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Reviewed by:
  • Korean Multinationals in Europe
  • Chung H. Lee (bio)
Korean Multinationals in Europe, by Judith Cherry. Richmond, Surrey: Curzon Press. 2001. xiii, 241 pp., £45.00 cloth.

This is a book that can be read fruitfully by those who are interested in learning something about the Korean economy, its consumer electronics industry, and its overseas investment with specific reference to Europe in a single volume.

The book begins with a review of various theories of foreign direct investment, including those proposed by Dunning in the United Kingdom, Kojima in Japan, and several researchers in Korea. The author does a fair job of evaluating "Korean theories" of foreign direct investment although she concludes that their theories add nothing new or innovative to the literature developed in the West and Japan. The core of the book, the discussion of Korean direct investment in Europe if we are to take the title of the book seriously, begins only in chapter 6 (out of eight chapters in total). That is, the reader is first treated to a standard academic discussion of the literature before being presented with the facts and reasons why they are worth investigating.

As this reviewer sees it, the main purpose of the book is to investigate Korean investment in the consumer electronics industry in Europe and explain why Korea, a country with no apparent advantage or strength in research and development in that industry, has invested in Europe. This phenomenon goes against the standard theories of foreign direct investment, which say that a firm needs to have some firm-specific advantage to invest overseas. Since firms in the developing countries in general are assumed not to possess such an [End Page 277] advantage, what the author calls "reverse foreign direct investment" (direct investment from a developing to a developed country) is a phenomenon worth investigating.

The author's basic premise is that the Korean firms that have invested in Europe do not have a "clear firm-specific monopolistic advantage" that can provide them with a rent to cover the "cost of foreignness." If this premise is correct, one must ask how the firms could have survived competition with European or other multinational firms with no rent to offset the cost of foreignness. The reviewer finds two possible answers to this question, which the author does not explore. The first is that the Korean firms in Europe are provided with subsidies by either the Korean government or their main offices at home to cover their losses. The second is that the firms have some firm-specific advantage, contrary to the author's premise, although they are not monopolies in the conventional sense.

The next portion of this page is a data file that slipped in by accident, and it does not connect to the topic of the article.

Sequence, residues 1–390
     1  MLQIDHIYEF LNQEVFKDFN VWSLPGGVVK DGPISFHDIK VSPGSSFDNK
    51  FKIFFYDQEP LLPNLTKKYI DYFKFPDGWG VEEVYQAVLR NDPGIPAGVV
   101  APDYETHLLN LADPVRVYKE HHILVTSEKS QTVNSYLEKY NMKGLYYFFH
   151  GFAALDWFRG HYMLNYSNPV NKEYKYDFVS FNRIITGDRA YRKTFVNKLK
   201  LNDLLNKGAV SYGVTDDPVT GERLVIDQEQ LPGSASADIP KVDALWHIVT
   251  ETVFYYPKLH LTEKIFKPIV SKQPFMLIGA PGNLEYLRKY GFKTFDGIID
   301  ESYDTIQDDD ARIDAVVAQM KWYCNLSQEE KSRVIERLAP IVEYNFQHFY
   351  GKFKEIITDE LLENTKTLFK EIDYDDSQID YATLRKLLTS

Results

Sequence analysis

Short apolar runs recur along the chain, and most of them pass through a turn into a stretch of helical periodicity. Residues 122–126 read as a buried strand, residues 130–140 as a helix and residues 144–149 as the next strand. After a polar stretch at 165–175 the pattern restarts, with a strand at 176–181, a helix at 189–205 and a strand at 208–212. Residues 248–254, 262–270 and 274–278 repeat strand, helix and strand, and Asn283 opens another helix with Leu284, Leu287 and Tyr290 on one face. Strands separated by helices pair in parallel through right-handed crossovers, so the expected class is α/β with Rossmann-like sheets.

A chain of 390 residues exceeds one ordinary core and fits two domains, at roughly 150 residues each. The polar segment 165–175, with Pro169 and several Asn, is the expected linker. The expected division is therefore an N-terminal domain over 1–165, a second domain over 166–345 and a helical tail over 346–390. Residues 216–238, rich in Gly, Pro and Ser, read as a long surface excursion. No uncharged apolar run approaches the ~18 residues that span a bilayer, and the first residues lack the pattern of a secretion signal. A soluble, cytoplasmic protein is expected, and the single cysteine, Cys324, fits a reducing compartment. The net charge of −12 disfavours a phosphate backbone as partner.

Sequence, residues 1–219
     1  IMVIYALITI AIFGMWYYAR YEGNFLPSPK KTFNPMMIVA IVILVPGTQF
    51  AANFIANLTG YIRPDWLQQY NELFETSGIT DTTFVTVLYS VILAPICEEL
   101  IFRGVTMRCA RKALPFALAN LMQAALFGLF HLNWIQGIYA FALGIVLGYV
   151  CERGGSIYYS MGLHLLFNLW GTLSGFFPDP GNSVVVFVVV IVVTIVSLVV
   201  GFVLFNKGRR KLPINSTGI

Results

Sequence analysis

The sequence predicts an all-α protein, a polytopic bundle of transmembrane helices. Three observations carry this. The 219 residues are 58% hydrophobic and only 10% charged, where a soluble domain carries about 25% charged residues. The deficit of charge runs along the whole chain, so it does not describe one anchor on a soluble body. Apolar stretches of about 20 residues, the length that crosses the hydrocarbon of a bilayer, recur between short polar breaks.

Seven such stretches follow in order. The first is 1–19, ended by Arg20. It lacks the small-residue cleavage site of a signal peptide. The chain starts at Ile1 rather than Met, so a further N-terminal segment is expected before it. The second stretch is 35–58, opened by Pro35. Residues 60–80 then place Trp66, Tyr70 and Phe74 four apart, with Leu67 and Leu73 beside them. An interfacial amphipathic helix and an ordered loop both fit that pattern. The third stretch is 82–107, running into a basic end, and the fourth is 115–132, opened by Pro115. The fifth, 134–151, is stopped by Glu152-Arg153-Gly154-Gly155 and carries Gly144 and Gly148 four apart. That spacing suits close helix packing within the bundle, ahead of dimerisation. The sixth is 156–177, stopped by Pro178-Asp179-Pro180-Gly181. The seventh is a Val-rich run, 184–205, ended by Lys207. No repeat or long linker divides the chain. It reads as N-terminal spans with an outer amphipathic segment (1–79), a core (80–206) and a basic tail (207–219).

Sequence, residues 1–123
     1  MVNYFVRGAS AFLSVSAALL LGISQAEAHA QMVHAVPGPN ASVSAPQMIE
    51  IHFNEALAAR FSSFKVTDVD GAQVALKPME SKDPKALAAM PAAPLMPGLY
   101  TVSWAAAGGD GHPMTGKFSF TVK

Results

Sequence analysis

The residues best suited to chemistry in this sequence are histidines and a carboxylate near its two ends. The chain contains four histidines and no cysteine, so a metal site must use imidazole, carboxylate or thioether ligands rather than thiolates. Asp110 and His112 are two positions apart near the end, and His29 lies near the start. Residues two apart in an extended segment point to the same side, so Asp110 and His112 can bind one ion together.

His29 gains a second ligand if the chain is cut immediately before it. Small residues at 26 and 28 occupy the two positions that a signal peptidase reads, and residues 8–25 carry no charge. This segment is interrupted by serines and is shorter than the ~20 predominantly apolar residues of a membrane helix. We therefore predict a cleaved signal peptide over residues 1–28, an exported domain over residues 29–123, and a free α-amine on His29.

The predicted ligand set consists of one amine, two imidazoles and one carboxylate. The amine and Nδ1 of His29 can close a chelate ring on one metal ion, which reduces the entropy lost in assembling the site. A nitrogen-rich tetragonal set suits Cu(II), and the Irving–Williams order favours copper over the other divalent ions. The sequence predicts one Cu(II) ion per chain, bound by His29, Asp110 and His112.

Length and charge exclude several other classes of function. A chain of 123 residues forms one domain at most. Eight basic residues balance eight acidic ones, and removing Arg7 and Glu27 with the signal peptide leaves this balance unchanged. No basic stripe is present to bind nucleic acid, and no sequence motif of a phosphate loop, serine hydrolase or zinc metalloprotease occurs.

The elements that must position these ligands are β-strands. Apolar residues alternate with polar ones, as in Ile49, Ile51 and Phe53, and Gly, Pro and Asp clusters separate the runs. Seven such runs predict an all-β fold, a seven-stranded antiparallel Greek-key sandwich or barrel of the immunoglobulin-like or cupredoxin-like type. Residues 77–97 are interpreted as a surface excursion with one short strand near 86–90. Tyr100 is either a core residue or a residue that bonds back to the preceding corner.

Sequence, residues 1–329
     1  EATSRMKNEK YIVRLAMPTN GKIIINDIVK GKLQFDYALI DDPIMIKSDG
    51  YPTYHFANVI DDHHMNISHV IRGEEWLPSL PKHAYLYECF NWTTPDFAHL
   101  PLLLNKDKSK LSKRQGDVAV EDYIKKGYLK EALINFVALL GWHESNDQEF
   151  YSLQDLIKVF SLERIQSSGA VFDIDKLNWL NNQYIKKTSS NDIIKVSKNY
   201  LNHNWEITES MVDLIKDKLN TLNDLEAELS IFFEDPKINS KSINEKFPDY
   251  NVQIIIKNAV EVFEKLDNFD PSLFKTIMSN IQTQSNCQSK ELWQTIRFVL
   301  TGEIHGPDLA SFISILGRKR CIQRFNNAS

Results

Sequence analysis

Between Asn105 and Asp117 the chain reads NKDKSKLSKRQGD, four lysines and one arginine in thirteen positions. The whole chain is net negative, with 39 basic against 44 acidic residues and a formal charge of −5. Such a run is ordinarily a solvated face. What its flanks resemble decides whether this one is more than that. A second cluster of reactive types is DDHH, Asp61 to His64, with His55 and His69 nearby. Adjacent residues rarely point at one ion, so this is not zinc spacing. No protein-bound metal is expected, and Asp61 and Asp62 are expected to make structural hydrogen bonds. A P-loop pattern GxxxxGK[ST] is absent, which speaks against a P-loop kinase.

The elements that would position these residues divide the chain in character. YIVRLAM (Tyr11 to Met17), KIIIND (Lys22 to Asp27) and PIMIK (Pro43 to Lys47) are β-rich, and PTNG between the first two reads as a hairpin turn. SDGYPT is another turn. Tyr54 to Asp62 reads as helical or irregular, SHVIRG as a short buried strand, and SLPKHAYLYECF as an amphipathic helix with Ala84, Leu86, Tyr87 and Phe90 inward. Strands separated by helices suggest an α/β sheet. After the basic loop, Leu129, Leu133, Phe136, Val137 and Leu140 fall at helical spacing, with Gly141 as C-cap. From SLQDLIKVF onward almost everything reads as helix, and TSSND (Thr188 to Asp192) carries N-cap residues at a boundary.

Having argued that various existing theories of foreign direct investment are inadequate in accounting for reverse direct investment, the author proposes a "theoretical/macroeconomic perspective" to explain Korean direct investment in Europe. According to this perspective, Korean investment in Europe has taken place in response to "changes in the domestic and global business environment that have occurred since the late 1980s." A key change in the global business environment was the creation of a single European market that attracted Korean investment to Europe while rising labor and land costs in Korea were the domestic factors that pushed Korean firms to investment overseas. These are highly plausible explanations and are, in fact, widely acknowledged in the literature. But it should be pointed out that they do not explain how the firms could overcome the "cost of foreignness" in Europe. In other words, the "theo-retical/ macroeconomic" perspective the author proposes is itself inadequate in explaining Korean investment in Europe. It needs to be complemented by a micro or firm-level theory of foreign direct investment!

The author concludes the book with the hope that it will add to the pool of knowledge relating to the "Korean economy, Korean foreign direct investment, the consumer electronics industry, and Korea's relations with Europe." This is quite an ambition given that each of these topics will require a whole volume if it is to be covered adequately in depth. The author's contribution is more for those who are interested in learning about these issues in a single volume. Finally, the book...


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